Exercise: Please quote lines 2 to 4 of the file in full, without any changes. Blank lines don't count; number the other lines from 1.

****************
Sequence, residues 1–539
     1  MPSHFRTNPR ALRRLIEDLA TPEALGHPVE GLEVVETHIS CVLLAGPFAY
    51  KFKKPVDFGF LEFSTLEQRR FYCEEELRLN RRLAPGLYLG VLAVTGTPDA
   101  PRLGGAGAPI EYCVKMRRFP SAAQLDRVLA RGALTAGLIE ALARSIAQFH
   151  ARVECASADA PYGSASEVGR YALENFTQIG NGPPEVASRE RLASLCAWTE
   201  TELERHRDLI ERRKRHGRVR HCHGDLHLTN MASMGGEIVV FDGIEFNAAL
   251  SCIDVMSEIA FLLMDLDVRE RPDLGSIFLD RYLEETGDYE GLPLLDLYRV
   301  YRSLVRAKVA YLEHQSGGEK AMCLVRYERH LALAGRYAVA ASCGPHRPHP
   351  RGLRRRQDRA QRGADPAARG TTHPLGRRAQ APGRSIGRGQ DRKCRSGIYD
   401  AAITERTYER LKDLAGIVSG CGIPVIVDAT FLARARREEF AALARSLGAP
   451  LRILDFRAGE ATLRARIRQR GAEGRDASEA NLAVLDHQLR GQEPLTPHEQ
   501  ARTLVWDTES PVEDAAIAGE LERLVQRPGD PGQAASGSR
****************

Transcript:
     1  MPSHFRTNPR ALRRLIEDLA TPEALGHPVE GLEVVETHIS CVLLAGPFAY
    51  KFKKPVDFGF LEFSTLEQRR FYCEEELRLN RRLAPGLYLG VLAVTGTPDA
   101  PRLGGAGAPI EYCVKMRRFP SAAQLDRVLA RGALTAGLIE ALARSIAQFH